GCC Drives USD 50 Billion Education Project Pipeline
The UAE is pioneering cost-effective construction for sustainable and healthy schools, driving the GCC’s USD 50 billion education project pipeline, industry experts announced today ahead of Cityscape Abu Dhabi.
Across the GCC, public and private educational organizations are pouring USD 50 billion in investment into more than 500 educational projects. With the world’s largest international school market, the UAE alone is adding over 200 schools and 300,000 students by 2020, according to a recent report by Alpen Capital.
“The UAE demonstrates global best practices in using sustainable architecture methods to renovate existing schools and to build new schools on time and on budget. With the latest construction materials, GCC schools can better foster a productive learning environment for both educators and students,” said Santosh Raj Pillai, Sales and Export Manager for the Middle East and Africa at global education construction consultancy Hunter Douglas.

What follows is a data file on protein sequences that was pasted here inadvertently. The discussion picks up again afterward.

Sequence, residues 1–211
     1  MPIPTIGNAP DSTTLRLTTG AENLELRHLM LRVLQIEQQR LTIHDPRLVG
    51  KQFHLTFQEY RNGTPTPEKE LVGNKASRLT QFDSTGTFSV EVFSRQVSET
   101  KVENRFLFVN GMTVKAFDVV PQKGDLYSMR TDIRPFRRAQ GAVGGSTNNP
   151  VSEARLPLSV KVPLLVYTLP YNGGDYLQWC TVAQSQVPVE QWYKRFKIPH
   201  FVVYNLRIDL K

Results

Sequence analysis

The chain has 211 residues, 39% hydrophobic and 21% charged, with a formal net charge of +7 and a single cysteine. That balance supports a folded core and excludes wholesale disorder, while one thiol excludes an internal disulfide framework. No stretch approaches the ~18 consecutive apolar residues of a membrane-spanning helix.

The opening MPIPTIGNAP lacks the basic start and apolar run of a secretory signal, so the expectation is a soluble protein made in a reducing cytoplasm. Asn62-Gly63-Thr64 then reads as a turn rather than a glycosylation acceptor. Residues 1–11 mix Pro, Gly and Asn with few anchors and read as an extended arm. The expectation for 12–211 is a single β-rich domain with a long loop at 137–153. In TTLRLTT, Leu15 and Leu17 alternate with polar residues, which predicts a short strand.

In the region, Hunter Douglas Architectural is exchanging best practices from recently renovating the school building of Helicon VMBO Den Bosch in The Netherlands.
The renovation replaced closely packed spaces with open areas, fluorescent lighting with LED lighting, and added new green façade panels with living plants.
Parents, students, and educators have praised the use of custom-made Hunter Douglas QC300 aluminum façade panels, which create the illusion of bamboo stalks growing in the air. The 3.5-meter-high panels can be easily mounted to save time and money.
The QC300 façade system is fire certified according to ASTM E84 (exposed surfaces such as walls and ceilings) and NFPA 285 (wall assemblies and panels used as components).
“This design blends in seamlessly with Helicon VMBO's identity as an agricultural educational institution. The advantage of QC300 is that it is made of aluminum – a material that has allowed Hunter Douglas Architectural to develop façade panels in the shape of trapezoids. And with this shape we can create an abstract image of bamboo stems,” said David Vos of SP Architecten.